Ravi Varma did not identify with any political movements, like the artists of Bengal School nor did he seek to revive living or dead traditions. But having understood the changing attitudes of the tastes, he was able to present an amalgam of Indian and Western elements. In this way he was able to create a suitable contemporary language. “Ravi Varma,” commented Tapti Guha “presented a balanced blend of tradition and modernity. He was ‘modern’ without being Westernized in custom and lifestyle and was ‘traditional’ while moving firmly in the path of artistic progress.”

By his first hand experiences, Ravi Varma learnt a great deal from the Renaissance masters like Leonardo, Raphael and Baroque master like Vermeer. There was the drawing from the neo-classical art of Ingres and David.

He studied their art – portraiture and figurative composition to achieve a subtle quality in the use of color, form, division of light and shadow. The suggestions of distance and of three-dimensional space were also imbibed.

His works reflect cultural and social contractions of his times, but his genius lies in visualizing an appropriate structure in manipulating the spatial paradigm through the medium of his choice. He could not paint human figures as an academic painter would, using the grammar of human anatomy, but he had a sense for composition which was illustrative and dramatic in setting. He had a feel for history and tradition and a fine understanding of popular sentiment.

The historians broadly classified Ravi Varma’s paintings as portraits, portrait-based compositions and the theatrical composition based on myths and legends. In the first category were portraits of the ruling class and aristocrats such as Amma Tampuran of Mavelikkara, Maharaja of Mysore, Raja Raja Varma etc. in the second were his paintings of men and women of India depicting cultural peculiarities like Galaxy of Musicians. The examples of the third category were Hamsa Damayanti, Shantanu-Matsyagandhi, Rukmangadha and Shakuntala.

Ravi Varma was the first Indian artist to propagate the art of printmaking, in the country as a whole. His oleographs on calendars and pictures of Hindu Gods and Goddesses have found a place among the millions. He had the artistic knack to be accepted by a cross section of people, but faced a certain rejection by the intellectuals.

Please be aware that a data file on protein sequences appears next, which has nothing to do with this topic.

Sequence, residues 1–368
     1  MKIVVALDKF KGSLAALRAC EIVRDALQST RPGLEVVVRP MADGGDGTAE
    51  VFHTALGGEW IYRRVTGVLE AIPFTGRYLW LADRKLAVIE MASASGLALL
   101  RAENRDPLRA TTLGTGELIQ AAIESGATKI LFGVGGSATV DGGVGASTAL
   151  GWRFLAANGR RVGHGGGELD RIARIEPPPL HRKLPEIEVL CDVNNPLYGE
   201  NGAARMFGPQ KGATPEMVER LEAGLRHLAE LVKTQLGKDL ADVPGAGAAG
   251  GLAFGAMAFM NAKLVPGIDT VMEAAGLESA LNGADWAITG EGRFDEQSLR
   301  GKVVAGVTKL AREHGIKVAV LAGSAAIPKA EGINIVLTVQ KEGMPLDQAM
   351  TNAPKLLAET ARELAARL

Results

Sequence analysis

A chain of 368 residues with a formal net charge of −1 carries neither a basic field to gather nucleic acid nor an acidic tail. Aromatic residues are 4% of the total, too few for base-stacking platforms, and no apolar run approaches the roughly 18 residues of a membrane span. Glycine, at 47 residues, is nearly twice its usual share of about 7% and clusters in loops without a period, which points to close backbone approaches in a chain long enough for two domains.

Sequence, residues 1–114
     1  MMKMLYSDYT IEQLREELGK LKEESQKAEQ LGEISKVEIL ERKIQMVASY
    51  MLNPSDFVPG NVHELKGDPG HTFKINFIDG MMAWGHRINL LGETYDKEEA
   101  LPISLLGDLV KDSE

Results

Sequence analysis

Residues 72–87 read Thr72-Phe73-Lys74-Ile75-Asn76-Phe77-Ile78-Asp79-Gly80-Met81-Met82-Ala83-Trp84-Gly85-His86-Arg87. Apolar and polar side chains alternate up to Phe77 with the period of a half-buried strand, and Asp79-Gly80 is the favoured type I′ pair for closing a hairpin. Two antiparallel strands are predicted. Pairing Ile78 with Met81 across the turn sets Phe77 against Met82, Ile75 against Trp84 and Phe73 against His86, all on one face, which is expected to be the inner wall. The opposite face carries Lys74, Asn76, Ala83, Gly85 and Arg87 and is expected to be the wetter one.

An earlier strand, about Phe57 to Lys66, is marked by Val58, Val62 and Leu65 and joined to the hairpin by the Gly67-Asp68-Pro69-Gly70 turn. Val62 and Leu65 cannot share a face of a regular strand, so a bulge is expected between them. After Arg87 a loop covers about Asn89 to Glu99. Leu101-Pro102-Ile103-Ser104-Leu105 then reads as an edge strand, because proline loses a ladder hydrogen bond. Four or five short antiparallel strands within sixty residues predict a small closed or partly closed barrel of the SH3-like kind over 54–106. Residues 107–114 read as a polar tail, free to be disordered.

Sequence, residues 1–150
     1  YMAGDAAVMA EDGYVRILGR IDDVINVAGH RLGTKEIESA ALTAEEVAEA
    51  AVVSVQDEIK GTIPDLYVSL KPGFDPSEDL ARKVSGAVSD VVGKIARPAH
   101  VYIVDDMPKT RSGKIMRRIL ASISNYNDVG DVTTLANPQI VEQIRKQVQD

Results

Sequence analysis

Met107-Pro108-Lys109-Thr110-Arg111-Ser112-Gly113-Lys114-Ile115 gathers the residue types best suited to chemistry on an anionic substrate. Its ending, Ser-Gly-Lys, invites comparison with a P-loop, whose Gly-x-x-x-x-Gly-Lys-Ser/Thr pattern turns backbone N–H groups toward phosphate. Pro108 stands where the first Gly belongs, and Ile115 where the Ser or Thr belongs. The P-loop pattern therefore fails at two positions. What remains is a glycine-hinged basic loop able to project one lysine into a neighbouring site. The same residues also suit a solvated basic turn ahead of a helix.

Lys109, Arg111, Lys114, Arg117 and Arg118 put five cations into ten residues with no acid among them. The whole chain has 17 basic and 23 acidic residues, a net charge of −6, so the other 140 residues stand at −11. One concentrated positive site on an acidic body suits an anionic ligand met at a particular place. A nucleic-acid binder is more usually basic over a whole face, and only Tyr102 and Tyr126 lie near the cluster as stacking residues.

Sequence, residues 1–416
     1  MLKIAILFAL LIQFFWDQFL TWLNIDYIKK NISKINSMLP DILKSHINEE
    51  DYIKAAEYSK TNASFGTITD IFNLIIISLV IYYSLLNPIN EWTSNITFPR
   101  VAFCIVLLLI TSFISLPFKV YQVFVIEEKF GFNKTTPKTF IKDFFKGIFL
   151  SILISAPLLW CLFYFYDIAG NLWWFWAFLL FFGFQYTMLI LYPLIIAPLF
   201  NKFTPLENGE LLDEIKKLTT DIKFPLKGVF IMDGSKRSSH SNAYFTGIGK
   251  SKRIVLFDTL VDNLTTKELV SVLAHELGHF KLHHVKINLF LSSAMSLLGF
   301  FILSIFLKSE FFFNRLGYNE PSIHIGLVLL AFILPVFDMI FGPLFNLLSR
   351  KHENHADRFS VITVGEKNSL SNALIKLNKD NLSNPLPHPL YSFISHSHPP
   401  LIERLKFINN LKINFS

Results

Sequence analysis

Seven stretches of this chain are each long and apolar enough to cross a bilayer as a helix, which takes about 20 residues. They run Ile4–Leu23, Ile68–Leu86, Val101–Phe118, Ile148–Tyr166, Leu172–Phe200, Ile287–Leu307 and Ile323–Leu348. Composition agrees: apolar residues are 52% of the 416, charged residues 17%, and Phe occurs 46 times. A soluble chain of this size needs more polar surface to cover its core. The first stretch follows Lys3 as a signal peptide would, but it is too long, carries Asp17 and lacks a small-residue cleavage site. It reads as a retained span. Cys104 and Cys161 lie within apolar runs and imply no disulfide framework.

Indeed, it is undeniable that the Indian art has undergone quite a transformation since the days of Ravi Varma. The country for one is independent. The influences can be determined by political actins that seek to enhance the artistic traditions. However, this is not to deny the continuous attempts by alien influences. It is not always possible to accept influences of the time. Sometimes the past itself is sought to be negated. This negation is detrimental to the tradition of art which has a thread that links the primitive cave man to the modern painter.

A relook is required at the style of Ravi Varma. He was the product of the times. The context must always be kept in mind, especially a hundred years later. The strength of a modern artist rests on these roots. The alternative is rootlessness not only in context but in the perception of the individual personality.

The choice is between reality and mystification. Here Ravi Varma stands out as a blender of his times in a period of a difficult situation. It was the era of white man’s burden whereeven Mall roads were reserved for the sahibs. Ravi Varma inhaled life in this context. This context must always be borne in mind while evaluating. Here, Ravi Varma stands as a link with the past. This thread should be the basis of analysis.

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Published in

Heritage, Art & Culture Supplement

Andhra Pradesh Times, Wednesday, January 1 1997

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Nemiraj Shetty did his post graduate degree in Art Criticism from Faculty of Fine Arts, M S University of Baroda 1989. He is been running an art gallery in Hyderabad and presently teaches History of Art at LP Univeristy.